I think I’ll close with a quotation from Eliezer Yudkowsky’s excellent fanfiction Harry Potter and the Methods of Rationality. In the selection below, Harry (who has been raised by a scientist, instead of the Dursleys, is trying to break the law of Transfiguration that claims you can only alter something as a complete unit.

All right, screw this nineteenth-century garbage.

Reality wasn’t atoms, it wasn’t a set of tiny billiard balls bopping around. That was just another lie. The notion of atoms as little dots was just another convenient hallucination that people clung to because they didn’t want to confront the inhumanly alien shape of the underlying reality. No wonder, then, that his attempts to Transfigure based on that hadn’t worked. If he wanted power, he had to abandon his humanity, and force his thoughts to conform to the true math of quantum mechanics.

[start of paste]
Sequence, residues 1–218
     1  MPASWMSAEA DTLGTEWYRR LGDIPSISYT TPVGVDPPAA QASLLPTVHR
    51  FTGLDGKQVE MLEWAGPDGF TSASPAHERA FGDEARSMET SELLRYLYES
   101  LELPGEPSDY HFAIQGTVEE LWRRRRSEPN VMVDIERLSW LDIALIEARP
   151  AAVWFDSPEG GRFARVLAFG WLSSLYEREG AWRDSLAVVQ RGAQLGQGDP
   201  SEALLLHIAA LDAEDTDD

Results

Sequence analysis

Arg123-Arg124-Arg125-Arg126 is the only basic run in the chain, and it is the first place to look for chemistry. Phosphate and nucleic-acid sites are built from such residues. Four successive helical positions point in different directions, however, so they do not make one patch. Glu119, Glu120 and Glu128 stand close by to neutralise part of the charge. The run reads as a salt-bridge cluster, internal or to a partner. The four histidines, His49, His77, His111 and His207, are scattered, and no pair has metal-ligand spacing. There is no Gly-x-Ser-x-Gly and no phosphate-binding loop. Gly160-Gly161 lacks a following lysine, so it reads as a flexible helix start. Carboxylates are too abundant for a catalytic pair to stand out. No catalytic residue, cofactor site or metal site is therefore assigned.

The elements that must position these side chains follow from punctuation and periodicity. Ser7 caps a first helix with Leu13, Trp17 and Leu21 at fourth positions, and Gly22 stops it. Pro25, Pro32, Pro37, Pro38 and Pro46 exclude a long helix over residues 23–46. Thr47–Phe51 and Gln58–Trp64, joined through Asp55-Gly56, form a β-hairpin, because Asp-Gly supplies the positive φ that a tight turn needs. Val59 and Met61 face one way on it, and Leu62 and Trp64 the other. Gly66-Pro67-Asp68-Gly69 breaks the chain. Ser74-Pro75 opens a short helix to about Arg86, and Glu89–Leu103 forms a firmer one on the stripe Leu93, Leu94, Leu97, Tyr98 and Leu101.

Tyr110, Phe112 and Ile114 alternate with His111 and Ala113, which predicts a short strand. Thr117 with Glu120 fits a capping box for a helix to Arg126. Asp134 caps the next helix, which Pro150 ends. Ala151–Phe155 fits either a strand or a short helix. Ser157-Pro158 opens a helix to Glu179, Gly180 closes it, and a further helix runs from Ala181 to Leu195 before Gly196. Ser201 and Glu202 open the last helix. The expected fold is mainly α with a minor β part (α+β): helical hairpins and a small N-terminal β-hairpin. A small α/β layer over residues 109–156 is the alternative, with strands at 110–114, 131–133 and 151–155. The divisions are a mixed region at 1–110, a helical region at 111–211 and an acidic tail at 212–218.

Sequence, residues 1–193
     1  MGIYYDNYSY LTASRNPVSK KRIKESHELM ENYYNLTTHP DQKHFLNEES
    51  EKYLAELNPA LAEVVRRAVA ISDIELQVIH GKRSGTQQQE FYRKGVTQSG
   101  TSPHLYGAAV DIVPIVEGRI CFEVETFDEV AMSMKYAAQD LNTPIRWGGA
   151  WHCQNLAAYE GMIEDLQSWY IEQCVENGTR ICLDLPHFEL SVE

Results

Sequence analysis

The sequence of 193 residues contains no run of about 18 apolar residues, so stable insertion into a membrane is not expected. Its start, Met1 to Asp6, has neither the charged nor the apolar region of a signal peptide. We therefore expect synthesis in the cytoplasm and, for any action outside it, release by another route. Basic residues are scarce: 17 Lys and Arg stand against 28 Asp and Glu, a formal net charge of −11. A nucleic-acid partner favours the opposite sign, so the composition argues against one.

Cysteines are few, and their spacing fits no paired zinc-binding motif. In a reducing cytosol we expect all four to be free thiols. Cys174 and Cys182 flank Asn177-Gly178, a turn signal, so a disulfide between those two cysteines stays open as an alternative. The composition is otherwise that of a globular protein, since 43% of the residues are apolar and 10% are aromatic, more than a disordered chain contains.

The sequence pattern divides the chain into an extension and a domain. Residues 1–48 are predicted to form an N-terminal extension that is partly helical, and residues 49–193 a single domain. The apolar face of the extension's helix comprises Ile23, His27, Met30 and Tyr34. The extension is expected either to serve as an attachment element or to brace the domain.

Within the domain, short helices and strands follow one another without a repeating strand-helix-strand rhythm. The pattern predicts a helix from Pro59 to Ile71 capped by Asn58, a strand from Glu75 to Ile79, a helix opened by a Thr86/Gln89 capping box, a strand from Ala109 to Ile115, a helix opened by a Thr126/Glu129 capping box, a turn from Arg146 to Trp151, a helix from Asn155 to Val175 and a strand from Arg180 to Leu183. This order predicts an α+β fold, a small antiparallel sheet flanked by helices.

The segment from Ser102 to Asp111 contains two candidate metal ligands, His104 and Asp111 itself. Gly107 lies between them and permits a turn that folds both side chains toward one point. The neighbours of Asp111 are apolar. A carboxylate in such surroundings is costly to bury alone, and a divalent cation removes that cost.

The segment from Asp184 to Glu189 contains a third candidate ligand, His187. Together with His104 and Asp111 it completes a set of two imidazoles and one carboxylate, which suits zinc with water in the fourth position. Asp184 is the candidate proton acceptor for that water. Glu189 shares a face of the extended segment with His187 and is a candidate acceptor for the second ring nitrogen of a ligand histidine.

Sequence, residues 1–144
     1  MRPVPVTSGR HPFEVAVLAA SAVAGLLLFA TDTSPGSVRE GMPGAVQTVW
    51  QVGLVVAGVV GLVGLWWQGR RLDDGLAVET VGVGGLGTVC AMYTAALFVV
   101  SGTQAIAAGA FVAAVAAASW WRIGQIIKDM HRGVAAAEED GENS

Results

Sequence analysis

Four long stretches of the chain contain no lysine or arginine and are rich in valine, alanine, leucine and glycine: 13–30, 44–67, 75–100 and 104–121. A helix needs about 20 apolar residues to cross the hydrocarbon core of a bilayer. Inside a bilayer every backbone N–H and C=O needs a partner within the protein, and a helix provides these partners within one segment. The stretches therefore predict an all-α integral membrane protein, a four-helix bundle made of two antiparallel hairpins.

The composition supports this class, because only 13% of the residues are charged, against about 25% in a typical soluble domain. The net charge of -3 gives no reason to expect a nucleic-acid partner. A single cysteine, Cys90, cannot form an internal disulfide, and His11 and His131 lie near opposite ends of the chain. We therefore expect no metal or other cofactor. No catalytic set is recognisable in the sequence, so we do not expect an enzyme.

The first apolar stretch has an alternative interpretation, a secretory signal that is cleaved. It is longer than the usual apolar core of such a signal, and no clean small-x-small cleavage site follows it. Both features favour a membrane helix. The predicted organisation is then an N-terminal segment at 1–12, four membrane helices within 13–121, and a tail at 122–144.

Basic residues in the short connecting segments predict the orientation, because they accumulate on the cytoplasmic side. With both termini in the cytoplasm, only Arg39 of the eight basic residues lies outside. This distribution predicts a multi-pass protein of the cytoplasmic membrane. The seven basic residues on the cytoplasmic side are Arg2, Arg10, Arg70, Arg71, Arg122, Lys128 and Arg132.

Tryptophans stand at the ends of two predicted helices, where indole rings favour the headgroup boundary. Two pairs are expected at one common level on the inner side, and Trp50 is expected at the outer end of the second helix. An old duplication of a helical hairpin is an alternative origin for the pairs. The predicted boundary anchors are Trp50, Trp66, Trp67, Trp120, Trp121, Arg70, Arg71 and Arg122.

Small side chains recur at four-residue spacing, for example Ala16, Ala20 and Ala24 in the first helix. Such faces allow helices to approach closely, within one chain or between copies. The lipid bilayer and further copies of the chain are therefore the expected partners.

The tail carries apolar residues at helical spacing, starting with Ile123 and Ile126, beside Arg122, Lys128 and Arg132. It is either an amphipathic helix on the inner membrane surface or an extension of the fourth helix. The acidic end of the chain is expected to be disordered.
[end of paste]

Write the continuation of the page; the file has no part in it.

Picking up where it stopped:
There were no particles, there were just clouds of amplitude in a multiparticle configuration space and what his brain fondly imagined to be an eraser was nothing except a gigantic factor in a wavefunction that happened to factorize, it didn’t have a separate existence any more than there was a particular solid factor of 3 hidden inside the number 6, if his wand was capable of altering factors in an approximately factorizable wavefunction then it should damn well be able to alter the slightly smaller factor that Harry’s brain visualized as a patch of material on the eraser –

If you want to know if Harry’s Transfiguration works, you should check out the fic in your free time this weekend.